A Nevada tax protester named Bret Ogilvie has apparently been using the Kent Hovind strategy to defend himself against criminal charges for tax evasion. A federal district court in Nevada has rejected his claim that paying taxes is a violation of his religious freedom. From the ruling:
Ogilvie also invokes the Religious Freedom Restoration Act (“RFRA”) and the Free Exercise and Establishment Clauses as affirmative defenses to the charges in the Indictment. With respect to the Free Exercise Clause, Ogilvie argues that the Indictment arises out of acts taken by the IRS and various government officials that impeded upon his rights to free exercise without compelling justification and not in the least restrictive mode possible. The Court does not doubt the strength of Ogilvie’s religious beliefs, and assumes, as it must, that the collection of income taxes significantly burdens his free exercise rights. Nevertheless, courts have routinely held that the federal government’s taxing power cannot be resisted on the basis of a religious objection, for the interest in maintaining an efficient and orderly taxation system is compelling justification for burdens on religious freedom…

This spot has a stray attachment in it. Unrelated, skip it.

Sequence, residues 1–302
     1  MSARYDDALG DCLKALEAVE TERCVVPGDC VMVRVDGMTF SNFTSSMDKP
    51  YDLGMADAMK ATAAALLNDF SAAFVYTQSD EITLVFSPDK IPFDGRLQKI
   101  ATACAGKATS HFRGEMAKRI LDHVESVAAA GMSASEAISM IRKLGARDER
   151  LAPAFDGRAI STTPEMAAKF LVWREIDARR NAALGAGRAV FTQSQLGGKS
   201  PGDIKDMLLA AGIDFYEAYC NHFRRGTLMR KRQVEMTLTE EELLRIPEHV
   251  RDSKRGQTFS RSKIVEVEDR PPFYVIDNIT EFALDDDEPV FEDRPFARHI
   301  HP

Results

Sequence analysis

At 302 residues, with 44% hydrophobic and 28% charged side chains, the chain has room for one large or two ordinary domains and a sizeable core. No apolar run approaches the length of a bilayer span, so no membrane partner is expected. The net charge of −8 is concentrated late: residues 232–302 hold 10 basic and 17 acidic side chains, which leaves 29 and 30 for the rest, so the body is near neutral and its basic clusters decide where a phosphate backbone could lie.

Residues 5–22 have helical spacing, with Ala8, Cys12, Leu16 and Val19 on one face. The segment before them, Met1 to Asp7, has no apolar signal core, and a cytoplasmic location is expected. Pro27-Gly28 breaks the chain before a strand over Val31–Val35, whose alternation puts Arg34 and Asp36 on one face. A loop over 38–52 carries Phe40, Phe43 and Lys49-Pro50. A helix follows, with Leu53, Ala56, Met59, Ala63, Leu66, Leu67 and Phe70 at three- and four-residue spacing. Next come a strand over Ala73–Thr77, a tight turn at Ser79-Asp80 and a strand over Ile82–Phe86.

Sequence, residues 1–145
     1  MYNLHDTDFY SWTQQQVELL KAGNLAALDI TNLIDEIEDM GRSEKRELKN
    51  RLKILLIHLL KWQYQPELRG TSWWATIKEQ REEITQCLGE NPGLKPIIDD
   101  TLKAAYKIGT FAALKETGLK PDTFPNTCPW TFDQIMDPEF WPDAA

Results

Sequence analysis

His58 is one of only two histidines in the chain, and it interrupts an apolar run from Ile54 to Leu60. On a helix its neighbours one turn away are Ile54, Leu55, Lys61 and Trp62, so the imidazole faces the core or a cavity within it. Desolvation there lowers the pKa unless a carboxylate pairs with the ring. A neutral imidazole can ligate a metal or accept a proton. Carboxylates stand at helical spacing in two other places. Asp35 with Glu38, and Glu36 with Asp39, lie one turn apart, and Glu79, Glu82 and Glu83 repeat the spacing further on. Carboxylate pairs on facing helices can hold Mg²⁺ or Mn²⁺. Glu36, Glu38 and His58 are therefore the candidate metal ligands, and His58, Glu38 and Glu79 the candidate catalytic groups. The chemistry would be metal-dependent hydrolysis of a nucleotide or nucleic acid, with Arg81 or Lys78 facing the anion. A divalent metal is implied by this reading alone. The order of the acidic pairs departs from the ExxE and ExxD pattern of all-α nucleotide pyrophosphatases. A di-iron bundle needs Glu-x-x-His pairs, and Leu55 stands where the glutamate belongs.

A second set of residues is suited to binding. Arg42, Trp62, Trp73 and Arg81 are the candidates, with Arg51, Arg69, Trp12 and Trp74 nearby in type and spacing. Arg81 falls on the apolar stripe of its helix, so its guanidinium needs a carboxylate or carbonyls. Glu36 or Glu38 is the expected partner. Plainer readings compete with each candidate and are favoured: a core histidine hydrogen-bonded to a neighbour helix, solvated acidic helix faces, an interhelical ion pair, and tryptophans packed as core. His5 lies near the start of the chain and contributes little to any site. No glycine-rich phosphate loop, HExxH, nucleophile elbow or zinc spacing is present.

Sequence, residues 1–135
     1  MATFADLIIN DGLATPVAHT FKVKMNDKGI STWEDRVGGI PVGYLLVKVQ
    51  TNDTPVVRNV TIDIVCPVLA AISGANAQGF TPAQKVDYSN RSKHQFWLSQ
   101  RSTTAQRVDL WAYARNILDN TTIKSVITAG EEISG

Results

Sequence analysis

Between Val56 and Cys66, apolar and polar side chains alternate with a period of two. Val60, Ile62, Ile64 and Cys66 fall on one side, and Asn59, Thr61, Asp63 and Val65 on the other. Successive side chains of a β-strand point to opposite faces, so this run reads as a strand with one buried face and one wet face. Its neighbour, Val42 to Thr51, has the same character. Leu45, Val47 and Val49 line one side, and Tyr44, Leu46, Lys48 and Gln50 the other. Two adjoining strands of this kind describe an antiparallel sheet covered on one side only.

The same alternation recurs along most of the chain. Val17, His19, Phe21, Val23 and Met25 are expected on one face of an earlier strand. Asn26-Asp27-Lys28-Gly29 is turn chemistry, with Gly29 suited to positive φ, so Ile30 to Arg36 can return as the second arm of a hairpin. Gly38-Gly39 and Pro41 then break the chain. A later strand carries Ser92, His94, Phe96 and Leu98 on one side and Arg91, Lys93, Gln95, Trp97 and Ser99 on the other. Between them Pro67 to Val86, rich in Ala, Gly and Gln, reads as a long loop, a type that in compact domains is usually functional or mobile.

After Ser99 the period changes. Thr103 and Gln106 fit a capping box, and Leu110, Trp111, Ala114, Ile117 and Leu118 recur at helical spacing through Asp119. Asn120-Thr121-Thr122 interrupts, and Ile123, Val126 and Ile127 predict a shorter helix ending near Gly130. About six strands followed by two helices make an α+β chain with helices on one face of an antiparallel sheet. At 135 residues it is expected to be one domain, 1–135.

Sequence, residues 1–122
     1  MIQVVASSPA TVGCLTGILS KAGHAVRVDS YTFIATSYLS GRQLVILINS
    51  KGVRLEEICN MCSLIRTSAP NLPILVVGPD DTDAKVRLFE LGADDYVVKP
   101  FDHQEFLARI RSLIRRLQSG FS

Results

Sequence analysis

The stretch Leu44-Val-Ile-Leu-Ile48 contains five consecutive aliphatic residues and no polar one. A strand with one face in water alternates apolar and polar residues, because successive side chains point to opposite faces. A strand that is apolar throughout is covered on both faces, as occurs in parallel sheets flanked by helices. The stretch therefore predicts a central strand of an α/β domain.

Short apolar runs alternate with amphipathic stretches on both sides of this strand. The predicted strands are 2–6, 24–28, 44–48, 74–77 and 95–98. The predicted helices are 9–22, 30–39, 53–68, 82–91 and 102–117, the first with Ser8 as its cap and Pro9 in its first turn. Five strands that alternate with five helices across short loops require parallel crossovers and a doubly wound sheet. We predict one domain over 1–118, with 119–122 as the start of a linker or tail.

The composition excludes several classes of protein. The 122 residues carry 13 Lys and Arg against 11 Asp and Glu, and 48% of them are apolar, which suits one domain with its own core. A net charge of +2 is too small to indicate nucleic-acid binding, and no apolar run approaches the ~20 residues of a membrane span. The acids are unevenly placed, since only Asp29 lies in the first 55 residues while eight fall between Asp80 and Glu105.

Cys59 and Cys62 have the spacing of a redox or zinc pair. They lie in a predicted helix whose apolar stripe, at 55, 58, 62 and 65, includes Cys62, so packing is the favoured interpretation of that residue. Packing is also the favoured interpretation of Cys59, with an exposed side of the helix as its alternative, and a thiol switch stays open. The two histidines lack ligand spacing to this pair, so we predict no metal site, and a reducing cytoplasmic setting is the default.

Ogilvie also challenges the IRS’ income tax collecting role as a violation of the Establishment Clause, arguing that the income tax represents a tenant of socialism, which he describes as a religion that the United States has established. This argument likewise lacks merit, as he has not demonstrated that the income tax lacks a secular purpose, advances a particular religion, or that it fosters an excessive government entanglement with religion.
These arguments are so stupid that I’m amazed Larry Klayman isn’t his attorney.